Mickey O'Hara is a committed IRA member but his days of freedom fighting are long gone, leaving him peddling drugs and disenchanted with "the cause." When a deal goes wrong, things take a dramatic turn for Mickey, who is forced to kill his partner. Marked for death, Mickey flees to LA, determined to make a fresh start and leave his violent past behind. When a close friend runs afoul of some powerful drug dealers, Mickey temporarily resorts to his old ways to help him get out of trouble. However, instead of making things better, Mickey unwittingly sets off a chain of events that reawakens the ghosts of his past and threatens to destroy everything he holds dear. Written by Trinity Filmed Entertainment
Writer:Chris Benzoni, Rick Crawford (story), Nathan Frankowski, Kevin Miller, Matt Chandler (story consultant)
Mickey O'Hara is a committed IRA member but his days of freedom fighting are long gone, leaving him peddling drugs and disenchanted with "the cause." When a deal goes wrong, things take a ... . You can read more in Google, Youtube, Wiki
Conrad T (de) wrote: Tended to believe that there was a bigger plot behind the assassination of JFK. That led to feel sad when seeing the burial of the so-called assassin, the helplessness of his family because each of them bearing the same last name. Not to mention they had to change their names and moved somewhere afterwards.
Marrick A (it) wrote: A dark vision of the emotional fallout of the revolution...but too slow moving to properly articulate it.
J M (it) wrote: This movie really struck a chord with me. I don't think I've ever seen a movie that deals with male rage and anger as honestly (and fairly) at this one. The fact that Chazz makes this guy sympathetic is a testimony to his acting chops. The director got solid performances out of all of her actors but Chazz and the youngest daughter were especially strong. Is it a coincidence that the reviewers who didn't like this movie are men and that reviewers who DID like it are women? Just asking.I am actually going to recommend this movie to my book club. I bet the discussion afterwards is going to be kick ass because I think this issue has touched so many of us at one time or another. A strong recommend.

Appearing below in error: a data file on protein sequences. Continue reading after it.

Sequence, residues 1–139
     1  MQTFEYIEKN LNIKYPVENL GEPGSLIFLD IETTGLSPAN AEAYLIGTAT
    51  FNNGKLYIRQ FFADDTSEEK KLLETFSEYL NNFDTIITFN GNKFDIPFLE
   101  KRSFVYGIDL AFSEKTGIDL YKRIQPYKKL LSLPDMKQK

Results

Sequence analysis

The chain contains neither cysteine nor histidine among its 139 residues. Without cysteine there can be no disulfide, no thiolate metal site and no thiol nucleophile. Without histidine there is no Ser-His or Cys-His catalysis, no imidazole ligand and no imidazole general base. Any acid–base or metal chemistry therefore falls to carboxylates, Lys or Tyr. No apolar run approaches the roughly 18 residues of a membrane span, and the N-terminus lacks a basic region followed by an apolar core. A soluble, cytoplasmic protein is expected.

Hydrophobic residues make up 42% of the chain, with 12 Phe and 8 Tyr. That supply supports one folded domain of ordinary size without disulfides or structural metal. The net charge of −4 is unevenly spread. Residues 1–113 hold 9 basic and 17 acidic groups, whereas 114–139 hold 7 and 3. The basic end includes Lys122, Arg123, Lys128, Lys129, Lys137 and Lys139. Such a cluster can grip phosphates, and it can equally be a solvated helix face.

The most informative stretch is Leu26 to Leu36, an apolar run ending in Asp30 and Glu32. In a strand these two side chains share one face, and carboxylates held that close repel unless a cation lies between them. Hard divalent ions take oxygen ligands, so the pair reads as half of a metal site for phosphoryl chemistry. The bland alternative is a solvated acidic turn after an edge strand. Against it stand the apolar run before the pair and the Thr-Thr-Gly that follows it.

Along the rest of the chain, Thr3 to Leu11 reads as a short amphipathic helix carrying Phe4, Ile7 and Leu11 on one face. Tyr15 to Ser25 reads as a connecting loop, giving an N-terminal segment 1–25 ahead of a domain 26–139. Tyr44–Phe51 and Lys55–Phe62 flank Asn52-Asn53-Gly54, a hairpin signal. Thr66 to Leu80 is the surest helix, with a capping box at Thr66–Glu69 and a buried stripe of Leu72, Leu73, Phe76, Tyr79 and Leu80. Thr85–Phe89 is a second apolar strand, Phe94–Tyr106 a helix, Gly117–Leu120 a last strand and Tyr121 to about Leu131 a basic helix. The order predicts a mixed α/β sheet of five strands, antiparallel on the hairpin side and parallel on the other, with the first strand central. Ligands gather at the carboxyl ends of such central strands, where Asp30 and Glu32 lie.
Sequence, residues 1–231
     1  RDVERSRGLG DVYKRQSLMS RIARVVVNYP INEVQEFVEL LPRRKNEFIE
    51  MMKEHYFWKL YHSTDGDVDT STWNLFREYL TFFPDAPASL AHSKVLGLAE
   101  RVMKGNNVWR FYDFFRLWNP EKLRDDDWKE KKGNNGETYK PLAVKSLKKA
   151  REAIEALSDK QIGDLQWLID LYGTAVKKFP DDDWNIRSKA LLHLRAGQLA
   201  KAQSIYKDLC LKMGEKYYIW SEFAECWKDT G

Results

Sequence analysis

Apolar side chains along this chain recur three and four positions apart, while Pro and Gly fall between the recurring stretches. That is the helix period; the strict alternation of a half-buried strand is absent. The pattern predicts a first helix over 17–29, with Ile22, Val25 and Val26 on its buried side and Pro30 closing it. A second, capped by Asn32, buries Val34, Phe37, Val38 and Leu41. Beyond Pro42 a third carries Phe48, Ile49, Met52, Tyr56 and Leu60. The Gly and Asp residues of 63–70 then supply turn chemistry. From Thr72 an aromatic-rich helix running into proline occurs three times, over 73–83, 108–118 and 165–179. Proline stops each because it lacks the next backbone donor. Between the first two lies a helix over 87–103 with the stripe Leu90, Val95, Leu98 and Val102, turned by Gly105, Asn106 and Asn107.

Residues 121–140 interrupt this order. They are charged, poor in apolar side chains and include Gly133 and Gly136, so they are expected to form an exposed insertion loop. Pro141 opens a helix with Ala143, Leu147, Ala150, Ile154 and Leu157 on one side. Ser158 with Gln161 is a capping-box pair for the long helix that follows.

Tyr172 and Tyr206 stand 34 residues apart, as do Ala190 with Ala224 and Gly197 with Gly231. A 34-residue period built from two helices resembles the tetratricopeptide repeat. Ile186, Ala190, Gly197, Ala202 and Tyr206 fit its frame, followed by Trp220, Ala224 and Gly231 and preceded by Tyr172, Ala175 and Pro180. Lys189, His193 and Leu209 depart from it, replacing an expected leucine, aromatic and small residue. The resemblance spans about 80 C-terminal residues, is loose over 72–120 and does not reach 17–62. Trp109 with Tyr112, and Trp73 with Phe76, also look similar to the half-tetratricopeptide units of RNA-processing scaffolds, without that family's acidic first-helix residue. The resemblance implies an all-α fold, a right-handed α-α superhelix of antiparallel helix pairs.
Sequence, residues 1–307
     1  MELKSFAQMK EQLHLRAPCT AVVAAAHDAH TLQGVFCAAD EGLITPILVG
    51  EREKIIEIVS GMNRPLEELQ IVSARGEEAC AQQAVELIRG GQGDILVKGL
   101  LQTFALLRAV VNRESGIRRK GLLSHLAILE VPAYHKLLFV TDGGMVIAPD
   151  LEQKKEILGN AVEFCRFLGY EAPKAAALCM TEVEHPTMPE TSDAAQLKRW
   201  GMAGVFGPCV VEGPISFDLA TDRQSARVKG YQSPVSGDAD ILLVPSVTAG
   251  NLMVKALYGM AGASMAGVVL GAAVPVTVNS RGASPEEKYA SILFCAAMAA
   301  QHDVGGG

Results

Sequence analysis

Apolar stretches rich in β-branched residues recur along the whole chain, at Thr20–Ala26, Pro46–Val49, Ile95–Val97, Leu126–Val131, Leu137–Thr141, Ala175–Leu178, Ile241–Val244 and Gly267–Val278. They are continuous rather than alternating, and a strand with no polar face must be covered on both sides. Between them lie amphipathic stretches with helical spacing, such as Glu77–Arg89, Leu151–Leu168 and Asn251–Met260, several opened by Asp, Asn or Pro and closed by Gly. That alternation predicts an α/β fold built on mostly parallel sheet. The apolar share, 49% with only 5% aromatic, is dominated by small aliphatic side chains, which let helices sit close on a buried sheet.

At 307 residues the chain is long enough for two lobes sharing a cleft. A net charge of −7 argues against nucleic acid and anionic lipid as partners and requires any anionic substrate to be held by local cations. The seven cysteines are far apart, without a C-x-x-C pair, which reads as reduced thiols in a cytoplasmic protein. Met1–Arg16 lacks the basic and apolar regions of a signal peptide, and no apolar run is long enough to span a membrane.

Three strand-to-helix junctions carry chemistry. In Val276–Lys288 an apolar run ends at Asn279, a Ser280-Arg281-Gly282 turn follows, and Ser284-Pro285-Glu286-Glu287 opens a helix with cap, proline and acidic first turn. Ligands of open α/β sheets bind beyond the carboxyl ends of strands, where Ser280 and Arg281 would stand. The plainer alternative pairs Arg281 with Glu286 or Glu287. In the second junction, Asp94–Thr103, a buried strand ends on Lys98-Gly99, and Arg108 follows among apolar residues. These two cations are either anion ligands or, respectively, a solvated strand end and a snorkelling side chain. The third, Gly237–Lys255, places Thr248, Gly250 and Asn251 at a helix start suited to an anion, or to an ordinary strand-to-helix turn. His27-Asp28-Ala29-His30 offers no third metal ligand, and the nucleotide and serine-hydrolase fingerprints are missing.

Ro D (br) wrote: nice experiment really
Jonathan P (us) wrote: Superb acting though meandering at times Frost/Nixon really opens up for the last 1/3 of the film.
Nancy S (nl) wrote: Wow. An incredible journey from the underbelly of New York. A reality check at a slice of humanity we don't often care to deal with.
Sieraaj A (fr) wrote: Will make you want to visit Istanbul, but beyond that this drama is too slow and the story feels a bit too lightweight/ flippant.
Adam P (de) wrote: I took off one star for William Holden's awful acting, one star for Kim Novak's mullet, one star for the underdevelopment of the 'other' man, and half a star because it's just boring and really has very little to hold my interest. A romance between bland stupid rural pretty people? Just not my thing.
Robert B (jp) wrote: Proof is a nice little film I rate up mainly on account of the performances and some good moviemaking. Gwyneth Paltrow gives an earnest performance and makes for a sympathetic and believable lead. The other actors are up to par and nicely compliment her character. The film tries to hit a sentimental note, and move the audience with some dramatic scenes. I cannot say it totally comes off, but it comes off well-enough. Proof is a bit like a modern day Bergman film, with similar kind of heart, but is more optimistic.
Roy N (fr) wrote: I love Burt Reynolds movies, though theres no Burt in Hot Stuff, it feels like one. Mainly cuase it's got Dom Deluise AND Jerry Reed, but unlike Smokey and the Bandit 3 (which is also a Burt movie without Burt) this is really very good. A nice funny caper movie written by Donald Westlake who always writes a good funny caper.
Ben S (au) wrote: John Wayne is a cowboy that finds himself buffeted by strong currents in a town where more is going on than meets the eye. A RKO cheapie that is a real surprise package. Very entertaining with some likeable characters, albeit a little cliched, and some nicely done suspense. The plot does get a little shaky toward the end though. Wayne and Ella Raines throw off plenty of sparks whenever they are together.
Reece L (gb) wrote: Similar to Altman's swan song A Prairie Home Companion in its rumination on death and tonally consistent with the work of Terence Davies, The Dead is Huston's final film and (fittingly) touches on themes of memory, nostalgia, generational differences, and ultimately the rejection of death. Gorgeously shot and well-acted, it may be a low-key chamber piece, but it deals in lofty existentialism that lends it a more universal effect than similarly-structured works.
Anna D (it) wrote: Love this movie. Its the kind of cheesy but still really enjoyable. Plus, the songs are extremely catchy, perfect for kids! It has its faults, but an overall fun movie.